Cinema plays a central role in Fallada's book, too, when the little man Pinneberg and his wife, Lämmchen, go out to enjoy a movie, which is described in some detail. The main actor, so sympathetic on screen, brings about Pinneberg's downfall. As the character struggles to cope with unemployment, the one-time communist Fallada finds hope in his heroine, much as he did in his own wife: 'Lämmchen is my answer, I know no better one.'
Just over a decade later, Alexander Baron pitches the British soldiers of There's No Home (1950; cover detail, pictured) into a form of leave in Catania, Sicily, following the island's bloody invasion. The men retreat into domesticity around the street where they're billeted, many of them moving in with local (married) women. (This is the Via dei Martiri; in Baron's 1963 book The Lowlife, the central player finds pre-war domestic bliss in Paris on the Rue des Martyrs.)
Baron was inspired by his own experience in the Eighth Army as a scene, again in a cinema, attests: 'Once, in some back-street hall, I sat squeezed on a bench among an audience of women who were all weeping loudly. The cause of their grief was the film we were watching, Wuthering Heights. They rocked in sympathy with Cathy Earnshaw. From all parts of the hall they cried, "Ah, la poverina, la poverina!"' It plays pretty much identically in the book.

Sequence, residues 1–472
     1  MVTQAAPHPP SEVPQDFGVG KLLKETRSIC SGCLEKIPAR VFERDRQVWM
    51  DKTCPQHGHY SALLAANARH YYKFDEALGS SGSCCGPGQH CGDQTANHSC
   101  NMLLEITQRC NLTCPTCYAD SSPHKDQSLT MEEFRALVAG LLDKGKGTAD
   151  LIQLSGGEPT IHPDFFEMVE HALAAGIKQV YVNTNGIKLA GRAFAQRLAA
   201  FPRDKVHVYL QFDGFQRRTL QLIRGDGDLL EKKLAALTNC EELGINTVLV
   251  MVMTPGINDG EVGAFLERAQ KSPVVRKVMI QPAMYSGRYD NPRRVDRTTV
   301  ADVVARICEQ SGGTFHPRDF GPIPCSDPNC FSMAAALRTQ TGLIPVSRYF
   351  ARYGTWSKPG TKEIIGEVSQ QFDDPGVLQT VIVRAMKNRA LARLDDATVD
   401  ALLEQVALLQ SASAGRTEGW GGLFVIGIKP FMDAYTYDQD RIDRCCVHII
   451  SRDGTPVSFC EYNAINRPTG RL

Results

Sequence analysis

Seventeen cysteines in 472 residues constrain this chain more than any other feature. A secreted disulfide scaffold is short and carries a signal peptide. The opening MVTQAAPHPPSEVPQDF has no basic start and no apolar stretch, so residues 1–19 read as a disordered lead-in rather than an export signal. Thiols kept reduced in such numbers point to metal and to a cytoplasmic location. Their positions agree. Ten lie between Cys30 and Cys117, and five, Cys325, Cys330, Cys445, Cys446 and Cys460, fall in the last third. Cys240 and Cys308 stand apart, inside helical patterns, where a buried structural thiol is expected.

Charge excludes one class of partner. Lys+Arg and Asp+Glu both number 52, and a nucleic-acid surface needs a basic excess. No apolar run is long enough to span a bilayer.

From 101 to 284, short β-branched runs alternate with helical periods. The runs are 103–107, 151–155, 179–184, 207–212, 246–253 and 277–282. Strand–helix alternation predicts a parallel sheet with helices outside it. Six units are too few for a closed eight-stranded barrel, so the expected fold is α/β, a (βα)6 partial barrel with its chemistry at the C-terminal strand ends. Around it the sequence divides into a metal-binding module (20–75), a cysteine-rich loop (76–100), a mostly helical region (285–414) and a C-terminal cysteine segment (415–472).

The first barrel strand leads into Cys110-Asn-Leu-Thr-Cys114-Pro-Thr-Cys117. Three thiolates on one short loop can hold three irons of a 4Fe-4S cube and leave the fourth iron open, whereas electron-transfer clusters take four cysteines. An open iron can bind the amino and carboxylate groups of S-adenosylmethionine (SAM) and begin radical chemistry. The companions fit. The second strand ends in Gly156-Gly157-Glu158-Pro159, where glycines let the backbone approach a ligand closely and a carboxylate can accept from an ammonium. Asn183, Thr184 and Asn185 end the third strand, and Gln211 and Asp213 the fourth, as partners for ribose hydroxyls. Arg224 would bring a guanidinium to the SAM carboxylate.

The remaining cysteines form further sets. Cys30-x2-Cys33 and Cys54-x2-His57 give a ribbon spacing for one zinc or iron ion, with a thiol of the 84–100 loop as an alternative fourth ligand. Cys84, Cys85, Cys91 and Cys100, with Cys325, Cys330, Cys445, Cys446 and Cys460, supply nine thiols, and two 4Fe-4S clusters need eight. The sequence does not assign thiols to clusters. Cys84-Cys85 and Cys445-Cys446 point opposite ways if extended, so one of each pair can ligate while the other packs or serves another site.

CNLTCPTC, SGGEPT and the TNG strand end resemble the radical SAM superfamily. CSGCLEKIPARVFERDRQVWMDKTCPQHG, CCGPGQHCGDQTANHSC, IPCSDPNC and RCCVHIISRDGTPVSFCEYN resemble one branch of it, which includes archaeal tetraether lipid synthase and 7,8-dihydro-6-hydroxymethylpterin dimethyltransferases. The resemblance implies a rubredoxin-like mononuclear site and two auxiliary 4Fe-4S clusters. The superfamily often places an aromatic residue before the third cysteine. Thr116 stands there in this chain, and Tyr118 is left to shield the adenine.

In his afterword, John L Williams examines the roles of the different sexes in the book: 'The men… feel the imperative of narrative, the need to move forwards. The women, on the other hand, want life to stand still. They have all lost men to the war: husbands and lovers, fathers, brothers and sons.'